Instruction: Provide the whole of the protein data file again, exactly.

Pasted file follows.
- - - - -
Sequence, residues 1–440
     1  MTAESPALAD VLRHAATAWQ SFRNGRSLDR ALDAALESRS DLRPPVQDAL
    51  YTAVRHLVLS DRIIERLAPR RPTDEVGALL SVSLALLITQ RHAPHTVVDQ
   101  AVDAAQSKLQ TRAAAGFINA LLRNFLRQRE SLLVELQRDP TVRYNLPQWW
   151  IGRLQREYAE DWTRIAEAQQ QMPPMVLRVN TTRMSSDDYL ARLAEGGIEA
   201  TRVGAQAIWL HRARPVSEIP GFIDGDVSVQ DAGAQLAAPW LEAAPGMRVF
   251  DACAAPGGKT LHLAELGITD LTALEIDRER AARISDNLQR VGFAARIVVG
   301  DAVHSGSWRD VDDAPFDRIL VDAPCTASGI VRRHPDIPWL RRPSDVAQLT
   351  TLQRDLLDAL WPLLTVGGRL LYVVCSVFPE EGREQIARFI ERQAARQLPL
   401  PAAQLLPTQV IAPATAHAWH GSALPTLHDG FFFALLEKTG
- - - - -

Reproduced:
Sequence, residues 1–440
     1  MTAESPALAD VLRHAATAWQ SFRNGRSLDR ALDAALESRS DLRPPVQDAL
    51  YTAVRHLVLS DRIIERLAPR RPTDEVGALL SVSLALLITQ RHAPHTVVDQ
   101  AVDAAQSKLQ TRAAAGFINA LLRNFLRQRE SLLVELQRDP TVRYNLPQWW
   151  IGRLQREYAE DWTRIAEAQQ QMPPMVLRVN TTRMSSDDYL ARLAEGGIEA
   201  TRVGAQAIWL HRARPVSEIP GFIDGDVSVQ DAGAQLAAPW LEAAPGMRVF
   251  DACAAPGGKT LHLAELGITD LTALEIDRER AARISDNLQR VGFAARIVVG
   301  DAVHSGSWRD VDDAPFDRIL VDAPCTASGI VRRHPDIPWL RRPSDVAQLT
   351  TLQRDLLDAL WPLLTVGGRL LYVVCSVFPE EGREQIARFI ERQAARQLPL
   401  PAAQLLPTQV IAPATAHAWH GSALPTLHDG FFFALLEKTG